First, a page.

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The Effects of Stress on the Clinical Performance of Residents in Simulated Trauma Scenarios

The recruitment status of this study is unknown. The completion date has passed and the status has not been verified in more than two years.
Verified June 2007 by University of Toronto.
Recruitment status was:  Recruiting
The Physicians' Services Incorporated Foundation
Information provided by:
University of Toronto Identifier:
First received: June 11, 2007
Last updated: NA
Last verified: June 2007
History: No changes posted
Medical practice & training are inherently stressful situations. However, the effects of stress on educational & clinical performance are not well defined. The purpose of the current study is to examine the effects of stress on performance of residents in simulated trauma scenarios. The hypothesis is: 1) acutely stressful scenarios will be appraised as threat by residents and result in elevations of heart rate and salivary cortisol; 2) increased subjective & physiological stress will result in impairments in performance; and 3) greater stress responses will result in greater clinical impairments.

Condition Intervention
Behavioral: stress

Study Type: Interventional
Study Design: Intervention Model: Single Group Assignment
Masking: Double-Blind
Primary Purpose: Health Services Research
Official Title: The Effects of Stress on the Clinical Performance of Residents in Simulated Trauma Scenarios

Resource links provided by NLM:

Further study details as provided by University of Toronto:

Primary Outcome Measures:
  • performance - global ratings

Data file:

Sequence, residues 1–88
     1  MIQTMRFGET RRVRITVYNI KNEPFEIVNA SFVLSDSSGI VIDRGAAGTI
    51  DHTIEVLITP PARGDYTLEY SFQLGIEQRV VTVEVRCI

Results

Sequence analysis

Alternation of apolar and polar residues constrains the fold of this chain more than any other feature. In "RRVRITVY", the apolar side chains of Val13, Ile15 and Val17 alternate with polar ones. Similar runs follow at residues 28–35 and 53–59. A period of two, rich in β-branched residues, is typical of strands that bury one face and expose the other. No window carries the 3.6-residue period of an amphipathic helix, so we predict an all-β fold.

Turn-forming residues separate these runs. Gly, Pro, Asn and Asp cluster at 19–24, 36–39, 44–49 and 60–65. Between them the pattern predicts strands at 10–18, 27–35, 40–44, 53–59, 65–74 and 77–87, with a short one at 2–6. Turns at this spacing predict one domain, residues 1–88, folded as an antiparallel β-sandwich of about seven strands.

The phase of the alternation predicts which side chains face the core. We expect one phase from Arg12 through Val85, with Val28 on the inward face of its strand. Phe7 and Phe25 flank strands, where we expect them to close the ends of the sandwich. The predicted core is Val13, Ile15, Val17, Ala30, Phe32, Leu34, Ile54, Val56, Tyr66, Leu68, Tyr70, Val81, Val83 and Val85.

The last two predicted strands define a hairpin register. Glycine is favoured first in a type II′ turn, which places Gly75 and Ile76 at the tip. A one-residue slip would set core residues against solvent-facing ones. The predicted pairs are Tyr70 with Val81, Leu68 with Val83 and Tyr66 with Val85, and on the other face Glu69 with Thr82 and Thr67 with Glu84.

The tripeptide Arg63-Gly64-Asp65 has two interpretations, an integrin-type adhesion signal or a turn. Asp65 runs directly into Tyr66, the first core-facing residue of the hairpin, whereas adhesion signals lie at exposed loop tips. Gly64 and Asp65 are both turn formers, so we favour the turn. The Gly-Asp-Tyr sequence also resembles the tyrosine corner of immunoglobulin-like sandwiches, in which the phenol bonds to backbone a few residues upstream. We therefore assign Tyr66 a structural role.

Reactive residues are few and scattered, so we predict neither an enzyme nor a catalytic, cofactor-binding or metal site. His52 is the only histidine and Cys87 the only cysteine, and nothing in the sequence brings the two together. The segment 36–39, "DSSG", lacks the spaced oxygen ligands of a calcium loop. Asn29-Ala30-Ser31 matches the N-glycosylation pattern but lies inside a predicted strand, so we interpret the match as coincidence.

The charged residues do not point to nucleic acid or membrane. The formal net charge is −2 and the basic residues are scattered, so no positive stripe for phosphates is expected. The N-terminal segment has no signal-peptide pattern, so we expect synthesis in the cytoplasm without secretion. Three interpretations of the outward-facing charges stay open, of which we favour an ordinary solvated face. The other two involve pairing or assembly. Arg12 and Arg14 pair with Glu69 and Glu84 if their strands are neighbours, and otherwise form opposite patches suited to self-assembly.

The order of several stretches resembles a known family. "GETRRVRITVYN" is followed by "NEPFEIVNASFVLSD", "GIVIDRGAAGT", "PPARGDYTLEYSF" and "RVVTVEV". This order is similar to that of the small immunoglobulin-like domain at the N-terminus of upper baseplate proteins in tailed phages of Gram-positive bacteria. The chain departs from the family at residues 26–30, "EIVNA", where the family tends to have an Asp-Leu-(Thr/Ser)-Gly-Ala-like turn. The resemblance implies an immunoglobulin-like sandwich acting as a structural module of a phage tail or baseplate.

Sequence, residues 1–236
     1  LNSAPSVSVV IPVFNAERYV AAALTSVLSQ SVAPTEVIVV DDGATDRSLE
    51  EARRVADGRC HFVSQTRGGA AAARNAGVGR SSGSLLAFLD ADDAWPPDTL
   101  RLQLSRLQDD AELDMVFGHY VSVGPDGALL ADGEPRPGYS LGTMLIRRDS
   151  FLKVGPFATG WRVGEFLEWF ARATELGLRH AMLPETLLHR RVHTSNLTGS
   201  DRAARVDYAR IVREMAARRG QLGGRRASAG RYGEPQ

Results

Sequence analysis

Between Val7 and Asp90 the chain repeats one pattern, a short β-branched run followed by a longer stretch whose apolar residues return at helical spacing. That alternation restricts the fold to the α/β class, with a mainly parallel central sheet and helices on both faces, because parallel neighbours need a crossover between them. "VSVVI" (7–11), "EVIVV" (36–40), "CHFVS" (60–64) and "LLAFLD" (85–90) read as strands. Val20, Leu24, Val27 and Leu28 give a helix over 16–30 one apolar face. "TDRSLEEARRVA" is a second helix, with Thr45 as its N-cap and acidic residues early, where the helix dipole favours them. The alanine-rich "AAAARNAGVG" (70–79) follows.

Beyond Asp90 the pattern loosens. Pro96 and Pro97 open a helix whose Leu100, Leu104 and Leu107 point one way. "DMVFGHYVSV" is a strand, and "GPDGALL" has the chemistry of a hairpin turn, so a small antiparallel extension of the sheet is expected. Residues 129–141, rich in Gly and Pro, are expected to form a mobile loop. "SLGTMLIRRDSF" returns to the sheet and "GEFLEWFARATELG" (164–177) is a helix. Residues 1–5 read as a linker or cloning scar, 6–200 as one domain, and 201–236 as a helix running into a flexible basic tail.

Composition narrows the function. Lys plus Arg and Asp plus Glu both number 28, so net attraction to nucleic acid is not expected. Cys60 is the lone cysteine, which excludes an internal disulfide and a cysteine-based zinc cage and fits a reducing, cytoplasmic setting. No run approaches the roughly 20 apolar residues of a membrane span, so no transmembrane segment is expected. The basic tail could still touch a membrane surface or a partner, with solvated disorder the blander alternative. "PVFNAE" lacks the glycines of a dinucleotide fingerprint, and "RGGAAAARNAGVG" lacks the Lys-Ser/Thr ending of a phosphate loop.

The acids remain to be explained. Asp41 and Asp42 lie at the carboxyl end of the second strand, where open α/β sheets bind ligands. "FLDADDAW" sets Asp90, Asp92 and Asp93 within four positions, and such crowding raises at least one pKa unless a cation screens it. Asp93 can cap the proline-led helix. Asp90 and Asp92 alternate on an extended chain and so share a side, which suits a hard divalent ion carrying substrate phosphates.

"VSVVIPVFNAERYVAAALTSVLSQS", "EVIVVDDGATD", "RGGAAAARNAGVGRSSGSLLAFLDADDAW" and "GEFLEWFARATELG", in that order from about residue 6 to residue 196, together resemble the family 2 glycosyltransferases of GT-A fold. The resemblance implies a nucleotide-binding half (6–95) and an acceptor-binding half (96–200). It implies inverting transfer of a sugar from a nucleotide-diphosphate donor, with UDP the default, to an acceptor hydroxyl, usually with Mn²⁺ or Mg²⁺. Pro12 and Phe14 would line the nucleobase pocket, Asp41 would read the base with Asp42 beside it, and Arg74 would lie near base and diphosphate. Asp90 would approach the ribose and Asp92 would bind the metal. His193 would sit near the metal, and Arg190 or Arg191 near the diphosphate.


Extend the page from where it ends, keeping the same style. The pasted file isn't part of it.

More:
• performance - ANTS
  • performance - checklists

Estimated Enrollment: 20
Study Start Date: April 2007

Ages Eligible for Study:   21 Years to 50 Years   (Adult)
Sexes Eligible for Study:   All
Accepts Healthy Volunteers:   No

Inclusion Criteria:

  • University of Toronto General Surgery & Emergency medicine residents

Exclusion Criteria:

  • No ATLS training
  • Residents from other programs
  Contacts and Locations
Choosing to participate in a study is an important personal decision. Talk with your doctor and family members or friends about deciding to join a study. To learn more about this study, you or your doctor may contact the study research staff using the Contacts provided below. For general information, see Learn About Clinical Studies.

Please refer to this study by its identifier: NCT00485927

Contact: Adrian M Harvey, MD 416-340-4800 ext 4306
Contact: Vicki Leblanc, PhD 416-340-3054

Canada, Ontario
St Michaels' Hospital Recruiting
Toronto, Ontario, Canada, M5B 1W8
Sponsors and Collaborators
University of Toronto
The Physicians' Services Incorporated Foundation
Principal Investigator: Adrian M Harvey, MD University of Toronto, University Health Network
Study Chair: Avery B Nathans, MD, PhD University of Toronto, St. Michael's Hospital
Study Director: Vicki Leblanc, PhD University of Toronto
  More Information Identifier: NCT00485927     History of Changes
Other Study ID Numbers: 07-10
Study First Received: June 11, 2007
Last Updated: June 11, 2007

Keywords provided by University of Toronto:

Additional relevant MeSH terms:
Wounds and Injuries processed this record on May 25, 2017